Apotheosis of Saint Louis

Charles de La Fosse was commissioned to work on the upper calotte and pendentives in the Dome of Saint-Louis des Invalides Church in 1702. Modifying the iconographic programme of the first project from 1677, the representation of France's military victories along with warrior saints, heroes and strong women of the Old Testament was replaced by angels playing music or carrying the instruments of the Passion. This painting is the modello (a sketch shown to a patron) of the decoration for the cupola that was submitted to the king and his ministers.

About the work

 

 

Apotheosis of Saint Louis
© musée de l'Armée (Dist. RMN-Grand Palais) photo Emilie Cambier

 

There are a few small differences between the modello and the engraving by Charles Nicolas Cochin, who exactly reproduced the decoration on the dome's calotte, the details of the drapery, and the number and gestures of the angels. Although the harmonious palette of colours, combining soft tones and golden light, recalls the art of Correggio, La Fosse adopted a circular, swirling composition, filled with space in the centre, to strengthen the illusion of an imaginary breakthrough.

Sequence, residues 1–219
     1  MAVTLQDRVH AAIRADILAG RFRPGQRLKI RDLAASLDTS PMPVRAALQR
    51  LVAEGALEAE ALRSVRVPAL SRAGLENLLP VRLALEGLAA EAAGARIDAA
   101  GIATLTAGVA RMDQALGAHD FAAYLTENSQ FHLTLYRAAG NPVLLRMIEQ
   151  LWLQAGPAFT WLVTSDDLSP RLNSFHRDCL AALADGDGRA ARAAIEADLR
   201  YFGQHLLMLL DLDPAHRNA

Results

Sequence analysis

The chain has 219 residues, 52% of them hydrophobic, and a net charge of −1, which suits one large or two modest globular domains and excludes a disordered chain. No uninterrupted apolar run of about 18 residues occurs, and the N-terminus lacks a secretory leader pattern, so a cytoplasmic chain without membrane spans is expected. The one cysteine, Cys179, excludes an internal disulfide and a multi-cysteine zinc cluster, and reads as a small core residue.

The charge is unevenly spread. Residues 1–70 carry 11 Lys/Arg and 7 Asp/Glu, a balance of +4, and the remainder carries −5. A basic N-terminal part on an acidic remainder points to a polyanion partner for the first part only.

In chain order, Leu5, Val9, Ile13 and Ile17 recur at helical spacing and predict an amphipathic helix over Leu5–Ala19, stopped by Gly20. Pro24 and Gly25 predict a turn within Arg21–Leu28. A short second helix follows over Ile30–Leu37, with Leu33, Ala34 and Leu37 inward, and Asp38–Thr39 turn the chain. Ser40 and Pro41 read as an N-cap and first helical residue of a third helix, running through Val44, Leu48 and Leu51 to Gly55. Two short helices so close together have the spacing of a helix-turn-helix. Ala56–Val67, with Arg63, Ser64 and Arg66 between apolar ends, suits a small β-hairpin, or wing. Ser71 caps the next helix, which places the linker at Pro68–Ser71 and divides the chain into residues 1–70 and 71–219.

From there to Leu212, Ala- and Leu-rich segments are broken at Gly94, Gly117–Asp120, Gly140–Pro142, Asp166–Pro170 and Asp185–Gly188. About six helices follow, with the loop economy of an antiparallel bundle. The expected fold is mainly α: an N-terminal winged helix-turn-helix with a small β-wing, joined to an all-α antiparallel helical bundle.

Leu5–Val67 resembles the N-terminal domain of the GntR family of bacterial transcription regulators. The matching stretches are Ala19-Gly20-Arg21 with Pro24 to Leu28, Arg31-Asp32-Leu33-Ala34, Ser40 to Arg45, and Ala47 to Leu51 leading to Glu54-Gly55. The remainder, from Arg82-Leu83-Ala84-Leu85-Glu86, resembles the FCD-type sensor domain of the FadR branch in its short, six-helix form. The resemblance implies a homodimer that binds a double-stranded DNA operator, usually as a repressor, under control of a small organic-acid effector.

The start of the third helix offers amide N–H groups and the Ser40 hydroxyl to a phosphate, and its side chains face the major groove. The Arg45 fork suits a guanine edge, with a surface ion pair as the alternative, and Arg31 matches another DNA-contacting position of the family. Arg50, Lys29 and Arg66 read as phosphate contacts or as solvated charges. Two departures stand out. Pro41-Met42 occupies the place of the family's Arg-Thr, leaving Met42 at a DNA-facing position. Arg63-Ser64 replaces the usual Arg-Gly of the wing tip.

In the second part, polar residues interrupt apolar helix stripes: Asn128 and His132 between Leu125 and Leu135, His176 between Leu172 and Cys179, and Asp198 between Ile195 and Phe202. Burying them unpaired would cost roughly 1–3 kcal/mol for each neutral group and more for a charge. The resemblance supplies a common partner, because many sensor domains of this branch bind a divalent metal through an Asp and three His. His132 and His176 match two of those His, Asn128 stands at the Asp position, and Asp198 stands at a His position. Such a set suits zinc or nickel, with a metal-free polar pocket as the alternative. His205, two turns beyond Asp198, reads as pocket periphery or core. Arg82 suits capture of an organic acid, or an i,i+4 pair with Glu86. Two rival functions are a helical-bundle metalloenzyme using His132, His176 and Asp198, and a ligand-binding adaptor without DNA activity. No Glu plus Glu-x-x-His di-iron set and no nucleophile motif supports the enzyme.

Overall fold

Saint Louis, from whom Louis XIV took his line of descent, is shown kneeling before Christ, who blesses the king's sword, thus sanctifying the royal role in making war. Behind the saint, two angels are holding France's coat of arms. 

 

 

 

 

Christ's martyrdom is suggested by the presence of the instruments of the Passion, the column where he was scourged and the cross. 

 

 

 

Lastly, seated in the clouds, several musician angels are singing. One is playing the harp, looking upwards, and four others are playing a range of instruments, including the lute, the organ and the violin. 

 

 

Label

 


Date : Circa 1702-1705

Width : 1,995 m 

Author : Charles de La Fosse (1636-1716)

Inventory no. : 2 ; Ea 0014

Techniques : Oil on canvas

History : On display from 1874 in the Governors' office, transferred to the Hôtel des Invalides in 1897